[ExI] Government Scientists Are Creating Matter From Pure Light

Dave Sill sparge at gmail.com
Wed Sep 22 16:04:14 UTC 2021


Scientists at Brookhaven National Laboratory turned light into electrons,
validating a theory that dates back nearly a century.

By Becky Ferreira
September 20, 2021, 1:30pm

In a U.S. government laboratory on Long Island, scientists have forged
matter out of pure light using a sophisticated particle accelerator, while
also demonstrating an elusive phenomenon for the first time ever on Earth.

The experimental breakthrough validated predictions made by influential
physicists nearly a century ago and sheds new light on mysterious processes
that occur on both quantum and cosmic scales.

This conversion of photons, which are massless light particles, into
electrons, an elementary form of matter, was achieved by a team of
researchers working with the Relativistic Heavy Ion Collider (RHIC) at the
U.S. Department of Energy’s Brookhaven National Laboratory. Though the
theoretical groundwork of the new research has its origins in the early
20th century, it took special upgrades to an experiment called the
Solenoidal Tracker at RHIC (STAR) detector to finally make it a reality.

“All the stars lined up for us to get this right,” said Zhangbu Xu, a
member of the STAR collaboration and the lead author of a recent study
about the experiment in Physical Review Letters, in a joint call with
fellow STAR members Lijuan Ruan and Daniel Brandenburg.

Ruan, a physicist at Brookhaven and a co-spokesperson for STAR, added that
the kinematics of the experiment sit “right in the sweet spot” for this
type of ground-breaking transformation of energy into matter.

Achieving this star-aligned sweet spot is a dream that dates back to 1934,
when physicists Gregory Breit and John Wheeler suggested that smashing
photons together could produce a matter-antimatter pair composed of
electrons, which are negatively charged particles of matter, and positrons,
which are antimatter counterparts of electrons that carry a positive

The idea, now known as the Breit-Wheeler process, was inspired in part by
the dawn of quantum mechanics during this period, which revealed that
photons could interact on quantum levels in ways that are not predicted by
classical mechanics. The physicists were also building on Albert Einstein’s
famous mass-energy equivalence, written as E=mc2, which demonstrates that
mass and energy are two sides of the same coin.

That said, it is much trickier to transform energy into matter than it is
to convert matter into energy. It would have seemed especially
inconceivable back in the 1930s. As a credit to their foresight, Breit and
Wheeler speculated that a device that could accelerate ions, which are
atoms stripped of electrons, might be able to do the trick, even though no
such machine existed at the time.

“It shows some of their brilliance because this was in the early 30s,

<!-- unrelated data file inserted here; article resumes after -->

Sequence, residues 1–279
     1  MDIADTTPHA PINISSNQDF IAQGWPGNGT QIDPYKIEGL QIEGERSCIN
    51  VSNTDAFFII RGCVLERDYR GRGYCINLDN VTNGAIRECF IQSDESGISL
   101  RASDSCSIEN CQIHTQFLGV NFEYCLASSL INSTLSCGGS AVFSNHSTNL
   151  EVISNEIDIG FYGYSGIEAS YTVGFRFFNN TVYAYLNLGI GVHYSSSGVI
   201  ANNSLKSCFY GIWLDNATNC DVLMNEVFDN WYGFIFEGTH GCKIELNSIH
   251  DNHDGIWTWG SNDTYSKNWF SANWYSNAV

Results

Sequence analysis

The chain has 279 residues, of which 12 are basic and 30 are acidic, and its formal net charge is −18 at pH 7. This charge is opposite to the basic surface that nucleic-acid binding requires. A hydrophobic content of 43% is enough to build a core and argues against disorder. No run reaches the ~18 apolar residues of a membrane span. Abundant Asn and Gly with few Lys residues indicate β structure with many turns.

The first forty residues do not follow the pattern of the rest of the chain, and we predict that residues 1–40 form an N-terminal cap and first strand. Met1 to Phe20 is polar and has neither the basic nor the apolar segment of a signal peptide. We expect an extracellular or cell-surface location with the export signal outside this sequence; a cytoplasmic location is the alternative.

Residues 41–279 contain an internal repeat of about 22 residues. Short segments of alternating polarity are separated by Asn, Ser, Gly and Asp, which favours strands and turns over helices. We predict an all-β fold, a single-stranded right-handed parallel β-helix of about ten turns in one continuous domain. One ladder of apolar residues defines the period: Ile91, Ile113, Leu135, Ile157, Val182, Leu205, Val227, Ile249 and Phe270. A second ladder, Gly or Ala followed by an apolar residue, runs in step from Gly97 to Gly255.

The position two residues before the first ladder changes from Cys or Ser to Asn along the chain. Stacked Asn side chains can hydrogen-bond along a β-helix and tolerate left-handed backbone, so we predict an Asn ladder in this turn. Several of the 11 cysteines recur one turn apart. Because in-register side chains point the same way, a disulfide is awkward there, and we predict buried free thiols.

before many of the modern experiments that we have,” said Brandenburg, who
is a Goldhaber Fellow at Brookhaven. “But they already predicted, in the
last paragraph of their paper, how you could actually achieve this really
difficult process, and they discuss exactly the experiment that we finally
have been able to do.”

“I find it very amazing that they had the insight to predict not only this
theory calculation, but that they predicted experimentally how it would
come about nearly 100 years before we had the technology to do it,” he

The experiment that Breit and Wheeler envisioned, and that the STAR
collaboration has now successfully conducted, requires shooting heavy ions
(in this case gold) past each other at 99.995 percent the speed of light.
The strong positive charge and extremely high speeds of the ions create a
circular magnetic field and a cloud of photons that travel with the
particles through the collider.

As the gold ions skim each other, their halos of light particles interact
and produce the matter-antimatter pairs that were predicted so many decades
ago. While RHIC was able to demonstrate the Breit-Wheeler process, the STAR
detector was the instrument that actually observed, measured, and confirmed
the achievement.

Though the milestone is the result of a century of theoretical groundwork,
there was also an element of serendipity involved, as STAR researchers only
recently realized their setup could experimentally prove this otherworldly
conversion of energy into matter.

“It's actually only a few years back, in 2018, that we started to see
something interesting, but at that time we didn't realize it was the
Breit-Wheeler process,” said Ruan. “We saw something different from what we
regularly expected from heavy ion collisions, but it was really when Daniel
[Brandenburg] started to do the data analysis with STAR-caliber precision,
with all the differential kinematics measurements, that we could say: ‘Oh,
this is really the Breit-Wheeler process.’”

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